What are some of your favorite children’s books and why?

MR: I love pretty much anything written and illustrated by William Steig, who never wrote down to children or became overly sentimental. He used language beautifully and wrote with humor and tenderness. His use of line and color is unmatched.

Dr. DeSoto still makes me laugh, Brave Irene pulls at your heartstrings, Sylvester and the Magic Pebble will definitely make you cry and laugh at the same time.

Others that I consider classics I couldn't imagine life without: Ezra Jack Keats' The Snowy Day, The Trip, Peter's Chair; Runaway Bunny by Margaret Wise Brown; Wanda Gag's Millions of Cats; The Story of Ferdinand (Munroe Leaf and Robert Lawson); Harold and the Purple Crayon by Crockett Johnson; Marc Simont's re-illustrated picture book of George Thurber's Many Moons.

Why do I love these? Distinctive voices, characters, stories that feel true and/or bring you to a new awareness, and wonderful art.

More contemporary favorites are Paul Zelinsky's Swamp Angel (Anne Issacs, author) and Officer Buckle and Gloria by Peggy Rathmann--both tall tales in their own way, with great characters and a surprising, engaging storyline.

This is just a smattering of the books I love, and more come to my attention every day!

What book(s) are you proudest of having worked on?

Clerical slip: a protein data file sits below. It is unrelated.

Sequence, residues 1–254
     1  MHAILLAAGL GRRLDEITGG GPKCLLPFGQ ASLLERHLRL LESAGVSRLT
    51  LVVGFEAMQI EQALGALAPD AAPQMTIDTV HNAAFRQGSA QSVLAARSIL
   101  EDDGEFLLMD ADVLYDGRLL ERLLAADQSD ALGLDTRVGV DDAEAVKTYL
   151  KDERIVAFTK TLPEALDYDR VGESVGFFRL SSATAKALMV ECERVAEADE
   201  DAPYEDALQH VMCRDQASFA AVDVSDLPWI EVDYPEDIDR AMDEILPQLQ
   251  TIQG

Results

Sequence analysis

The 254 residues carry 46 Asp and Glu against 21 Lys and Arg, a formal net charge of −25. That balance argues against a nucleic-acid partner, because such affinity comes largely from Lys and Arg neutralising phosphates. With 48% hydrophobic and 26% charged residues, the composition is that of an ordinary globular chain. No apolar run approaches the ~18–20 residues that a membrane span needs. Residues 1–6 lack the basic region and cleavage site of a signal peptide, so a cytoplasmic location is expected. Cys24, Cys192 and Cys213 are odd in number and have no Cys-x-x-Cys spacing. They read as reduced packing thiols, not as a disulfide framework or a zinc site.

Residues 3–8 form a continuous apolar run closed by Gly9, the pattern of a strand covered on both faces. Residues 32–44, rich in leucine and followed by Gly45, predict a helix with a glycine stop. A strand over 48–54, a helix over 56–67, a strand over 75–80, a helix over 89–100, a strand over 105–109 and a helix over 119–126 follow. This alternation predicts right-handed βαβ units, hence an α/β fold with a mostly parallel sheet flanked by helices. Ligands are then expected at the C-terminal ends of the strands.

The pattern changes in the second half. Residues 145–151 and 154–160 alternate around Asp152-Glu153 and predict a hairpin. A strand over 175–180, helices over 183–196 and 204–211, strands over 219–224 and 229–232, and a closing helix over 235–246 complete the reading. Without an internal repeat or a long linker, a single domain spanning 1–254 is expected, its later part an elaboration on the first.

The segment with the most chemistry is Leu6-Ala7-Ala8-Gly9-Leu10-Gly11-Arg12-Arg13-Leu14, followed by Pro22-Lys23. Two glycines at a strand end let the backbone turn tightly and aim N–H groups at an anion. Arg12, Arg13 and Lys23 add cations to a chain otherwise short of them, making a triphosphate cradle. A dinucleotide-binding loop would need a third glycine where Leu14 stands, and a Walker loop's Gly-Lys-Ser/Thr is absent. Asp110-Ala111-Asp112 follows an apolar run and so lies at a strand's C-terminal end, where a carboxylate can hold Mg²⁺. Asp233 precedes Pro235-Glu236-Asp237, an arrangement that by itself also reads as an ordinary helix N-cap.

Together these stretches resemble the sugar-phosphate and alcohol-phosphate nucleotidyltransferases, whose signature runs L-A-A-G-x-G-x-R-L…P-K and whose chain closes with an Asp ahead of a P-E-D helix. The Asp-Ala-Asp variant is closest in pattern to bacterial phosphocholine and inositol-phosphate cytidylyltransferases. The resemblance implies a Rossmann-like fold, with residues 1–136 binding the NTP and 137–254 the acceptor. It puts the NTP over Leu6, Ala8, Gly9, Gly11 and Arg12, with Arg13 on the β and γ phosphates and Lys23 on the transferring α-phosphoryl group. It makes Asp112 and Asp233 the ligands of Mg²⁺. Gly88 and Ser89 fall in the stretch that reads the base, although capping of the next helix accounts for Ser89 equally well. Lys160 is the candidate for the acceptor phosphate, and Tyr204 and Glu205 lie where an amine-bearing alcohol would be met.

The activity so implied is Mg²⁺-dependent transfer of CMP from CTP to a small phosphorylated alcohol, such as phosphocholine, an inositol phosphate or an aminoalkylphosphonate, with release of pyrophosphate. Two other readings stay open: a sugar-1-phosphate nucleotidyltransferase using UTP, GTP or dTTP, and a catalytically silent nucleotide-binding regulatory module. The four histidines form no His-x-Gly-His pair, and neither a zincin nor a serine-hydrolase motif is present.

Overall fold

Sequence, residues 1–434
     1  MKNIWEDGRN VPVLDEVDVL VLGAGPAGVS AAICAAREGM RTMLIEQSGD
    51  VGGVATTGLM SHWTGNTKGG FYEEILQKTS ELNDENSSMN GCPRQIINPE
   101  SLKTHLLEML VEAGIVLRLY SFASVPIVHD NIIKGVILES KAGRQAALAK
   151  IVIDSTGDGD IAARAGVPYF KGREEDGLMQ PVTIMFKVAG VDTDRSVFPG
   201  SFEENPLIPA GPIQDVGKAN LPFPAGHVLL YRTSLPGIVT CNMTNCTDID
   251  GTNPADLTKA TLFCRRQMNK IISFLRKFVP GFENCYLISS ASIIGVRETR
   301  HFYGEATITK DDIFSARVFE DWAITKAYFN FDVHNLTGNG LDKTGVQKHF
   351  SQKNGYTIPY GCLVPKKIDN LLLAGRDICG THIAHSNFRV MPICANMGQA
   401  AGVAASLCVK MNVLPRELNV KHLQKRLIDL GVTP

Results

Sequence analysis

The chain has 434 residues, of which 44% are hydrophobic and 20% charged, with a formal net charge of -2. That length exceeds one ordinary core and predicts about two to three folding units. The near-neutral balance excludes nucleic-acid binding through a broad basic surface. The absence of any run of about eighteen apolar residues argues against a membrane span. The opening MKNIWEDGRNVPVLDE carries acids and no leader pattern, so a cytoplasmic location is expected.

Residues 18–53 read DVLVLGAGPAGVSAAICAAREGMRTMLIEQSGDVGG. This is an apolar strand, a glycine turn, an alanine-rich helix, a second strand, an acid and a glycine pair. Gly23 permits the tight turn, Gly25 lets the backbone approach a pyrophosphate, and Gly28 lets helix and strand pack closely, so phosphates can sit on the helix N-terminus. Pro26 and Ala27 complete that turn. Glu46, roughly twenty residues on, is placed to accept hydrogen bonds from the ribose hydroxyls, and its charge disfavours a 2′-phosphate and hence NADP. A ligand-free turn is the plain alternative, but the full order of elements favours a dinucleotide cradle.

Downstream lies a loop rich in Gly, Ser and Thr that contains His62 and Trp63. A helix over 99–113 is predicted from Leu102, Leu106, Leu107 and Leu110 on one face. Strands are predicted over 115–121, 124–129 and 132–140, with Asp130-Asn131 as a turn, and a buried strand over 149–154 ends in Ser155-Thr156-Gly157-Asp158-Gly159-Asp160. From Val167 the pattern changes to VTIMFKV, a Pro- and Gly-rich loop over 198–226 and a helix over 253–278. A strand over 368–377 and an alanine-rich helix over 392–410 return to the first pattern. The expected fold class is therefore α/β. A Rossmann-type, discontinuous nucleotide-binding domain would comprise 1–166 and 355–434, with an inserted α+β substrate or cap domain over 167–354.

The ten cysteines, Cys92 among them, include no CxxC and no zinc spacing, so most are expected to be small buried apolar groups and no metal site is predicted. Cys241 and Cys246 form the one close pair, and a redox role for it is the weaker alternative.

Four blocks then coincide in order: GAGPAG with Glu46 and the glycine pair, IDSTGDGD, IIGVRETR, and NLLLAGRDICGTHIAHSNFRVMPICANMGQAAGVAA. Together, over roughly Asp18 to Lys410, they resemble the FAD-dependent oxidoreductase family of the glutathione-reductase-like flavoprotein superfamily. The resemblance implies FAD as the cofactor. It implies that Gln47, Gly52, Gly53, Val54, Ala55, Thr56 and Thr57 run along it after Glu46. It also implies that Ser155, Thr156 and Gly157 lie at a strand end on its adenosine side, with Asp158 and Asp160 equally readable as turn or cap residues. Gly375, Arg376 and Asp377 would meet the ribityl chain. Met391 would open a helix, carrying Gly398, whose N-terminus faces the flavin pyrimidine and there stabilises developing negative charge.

MR: Last fall, we published Not a Box by first time author-illustrator Antoinette Portis, and we are following up with Not a Stick this winter. I am proud of these books because they are solid conceptually, fresh and distinctive in their approach and style and were for me a satisfying collaborative venture between the artist, editor, and myself.

Antoinette approached the editor, Margaret Anastas, with her idea, based on the endless imagination a child uses playing with a simple box. We both agreed we had something special that we could develop successfully: a strong concept, an appealing character, and a clear, distinct voice in both the style of writing and in drawing technique.

From the moment we started working together the three of us shared ideas, batted around large and small changes, experimented with colors and techniques, design approaches and production materials. The collaborative spirit of the work together was exciting, and we were thrilled with the final product. It is especially satisfying, too, that Not a Box won the Theodore Geisel Award this year, went on to the New York Times Best Seller list and was chosen as one of the ten Best Illustrated Books from the Times for 2007.

Is there an area on your list that you would like to "grow" at this time?

MR: I would love to find more artists-authors who can create strong character-driven stories.

What is the ideal art sample submission?